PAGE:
New Research Watch What Happens When You Use A Hydraulic-Press To Try To Fold A Piece Of Paper 7 Times

How many times can you fold a piece of paper? There’s a myth that you cannot fold it perfectly in half extra than eight times, but given a large enough piece of paper, and with powerful hydraulic equipment, you could fold a piece of paper as a lot of times as you wanted.
The Hydraulic Press Channel on YouTube determined to use this exact type of equipment to fold a piece of A3-sized paper seven times, amazing that is considerably difficult to do using just human hands. After attempting to fold it for the seventh time, though, it appears to reason the paper to explode, transform the remnants into brittle, fractured pieces.
So why did the paper appear to explode? Well, one option is that it wasn’t the paper at all.
For any bit of paper, after the opening fold, it doubles in thickness. Another fold, and it quadruples in thickness. By the seventh fold, it would have turn into 128 times thicker than it was at first. This is known as exponential growth, and explains why a piece of ordinary paper folded 23 times would be a kilometer (0.62 miles) thick. Forty-two folds will stretch out to the Moon, and 103 folds will get bigger beyond the observable universe.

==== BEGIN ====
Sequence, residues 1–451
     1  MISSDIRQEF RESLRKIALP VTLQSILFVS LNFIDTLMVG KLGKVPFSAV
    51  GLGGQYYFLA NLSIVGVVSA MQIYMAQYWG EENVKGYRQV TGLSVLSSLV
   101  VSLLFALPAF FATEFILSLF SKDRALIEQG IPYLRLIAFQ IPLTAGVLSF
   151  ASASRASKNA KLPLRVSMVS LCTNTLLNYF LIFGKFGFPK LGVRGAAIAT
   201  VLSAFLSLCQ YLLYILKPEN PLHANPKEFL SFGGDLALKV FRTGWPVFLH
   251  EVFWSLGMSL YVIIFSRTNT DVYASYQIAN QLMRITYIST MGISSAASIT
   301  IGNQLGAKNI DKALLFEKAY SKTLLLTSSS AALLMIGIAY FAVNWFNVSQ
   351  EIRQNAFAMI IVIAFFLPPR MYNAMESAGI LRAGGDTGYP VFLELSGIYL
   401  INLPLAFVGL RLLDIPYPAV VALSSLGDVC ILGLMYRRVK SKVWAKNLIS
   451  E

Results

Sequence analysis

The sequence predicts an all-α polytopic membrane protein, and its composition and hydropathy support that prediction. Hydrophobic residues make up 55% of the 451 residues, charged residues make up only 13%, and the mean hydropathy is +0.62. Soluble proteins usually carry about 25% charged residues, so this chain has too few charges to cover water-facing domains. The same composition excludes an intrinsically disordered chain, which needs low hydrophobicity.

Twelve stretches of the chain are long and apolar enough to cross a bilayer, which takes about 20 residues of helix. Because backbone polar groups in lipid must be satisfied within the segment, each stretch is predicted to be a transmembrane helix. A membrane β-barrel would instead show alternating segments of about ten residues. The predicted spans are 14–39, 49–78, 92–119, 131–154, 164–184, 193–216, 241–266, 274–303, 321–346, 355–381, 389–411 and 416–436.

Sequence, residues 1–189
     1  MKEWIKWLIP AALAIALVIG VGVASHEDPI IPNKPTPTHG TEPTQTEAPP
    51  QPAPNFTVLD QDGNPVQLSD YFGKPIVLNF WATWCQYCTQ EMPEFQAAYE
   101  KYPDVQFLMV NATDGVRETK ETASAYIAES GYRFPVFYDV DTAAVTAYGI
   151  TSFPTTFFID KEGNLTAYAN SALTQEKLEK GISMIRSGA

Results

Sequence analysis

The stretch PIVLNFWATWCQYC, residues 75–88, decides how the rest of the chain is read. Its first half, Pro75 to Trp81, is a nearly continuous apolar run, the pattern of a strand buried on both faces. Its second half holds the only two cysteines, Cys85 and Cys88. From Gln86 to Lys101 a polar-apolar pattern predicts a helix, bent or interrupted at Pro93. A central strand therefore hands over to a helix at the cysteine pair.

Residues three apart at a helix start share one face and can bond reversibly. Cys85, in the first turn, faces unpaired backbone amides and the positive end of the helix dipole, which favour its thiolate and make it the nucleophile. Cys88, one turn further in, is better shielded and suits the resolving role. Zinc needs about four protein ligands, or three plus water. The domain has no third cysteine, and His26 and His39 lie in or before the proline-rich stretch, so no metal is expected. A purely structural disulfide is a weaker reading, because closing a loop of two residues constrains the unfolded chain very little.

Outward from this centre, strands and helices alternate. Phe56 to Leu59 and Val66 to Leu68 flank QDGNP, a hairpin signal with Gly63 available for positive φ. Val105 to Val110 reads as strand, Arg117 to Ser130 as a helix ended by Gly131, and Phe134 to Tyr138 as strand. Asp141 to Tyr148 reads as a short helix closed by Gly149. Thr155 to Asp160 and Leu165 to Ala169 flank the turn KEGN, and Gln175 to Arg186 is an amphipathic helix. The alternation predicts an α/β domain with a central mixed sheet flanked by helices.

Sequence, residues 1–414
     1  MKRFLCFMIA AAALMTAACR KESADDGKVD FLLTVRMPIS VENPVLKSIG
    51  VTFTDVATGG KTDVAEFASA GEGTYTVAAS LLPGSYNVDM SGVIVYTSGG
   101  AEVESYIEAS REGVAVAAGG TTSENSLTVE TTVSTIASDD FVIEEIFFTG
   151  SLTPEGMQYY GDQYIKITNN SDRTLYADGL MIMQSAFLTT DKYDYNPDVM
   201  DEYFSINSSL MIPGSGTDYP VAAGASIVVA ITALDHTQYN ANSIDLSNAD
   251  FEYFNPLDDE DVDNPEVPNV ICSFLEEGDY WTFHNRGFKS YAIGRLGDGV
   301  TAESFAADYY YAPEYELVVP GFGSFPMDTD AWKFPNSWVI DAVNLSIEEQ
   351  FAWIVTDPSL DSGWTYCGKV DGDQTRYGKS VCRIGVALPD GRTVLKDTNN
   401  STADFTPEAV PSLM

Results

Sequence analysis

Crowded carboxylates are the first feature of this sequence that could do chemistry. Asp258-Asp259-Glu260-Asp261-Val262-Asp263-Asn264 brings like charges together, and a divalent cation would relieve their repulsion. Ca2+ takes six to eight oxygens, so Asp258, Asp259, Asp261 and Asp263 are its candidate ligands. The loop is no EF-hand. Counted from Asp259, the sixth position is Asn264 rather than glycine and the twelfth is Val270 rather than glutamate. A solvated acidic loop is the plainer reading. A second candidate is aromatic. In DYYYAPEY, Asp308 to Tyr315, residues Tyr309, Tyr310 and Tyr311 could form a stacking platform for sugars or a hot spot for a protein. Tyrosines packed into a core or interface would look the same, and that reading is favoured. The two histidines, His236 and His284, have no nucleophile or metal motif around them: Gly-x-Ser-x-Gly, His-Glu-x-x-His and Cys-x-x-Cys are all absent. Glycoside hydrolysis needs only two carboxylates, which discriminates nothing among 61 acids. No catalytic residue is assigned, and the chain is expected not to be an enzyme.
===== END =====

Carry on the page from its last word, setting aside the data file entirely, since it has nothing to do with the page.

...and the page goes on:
At the same time, every additional fold is harder to make as it require rapidly increasing amounts of pressure to squash the increasingly thicker bit of paper. On the seventh fold, the hydraulic press is using incredible pressures in order to attain its goal. When the fold breaks the piece of paper, the press suddenly juts forwards, create the explosion noise.
New Research Watch What Happens When You Use A Hydraulic-Press To Try To Fold A Piece Of Paper 7 Times
A few years back, the Mythbusters team successfully folded a a great deal larger bit of paper a total of 11 times with the aid of a steamroller – and yet, there was no explosion. This seems to suggest that the hydraulic press is to blame for the bang noise in the now-viral YouTube video.
However, another option is that the "explosion" is down to the crystals of calcium carbonate found within the paper, a common part added during the manufacturing procedure. The stress put on the seventh fold dense these rigid crystals to the point of sudden collapse, which led to the catastrophic breakdown of the paper.

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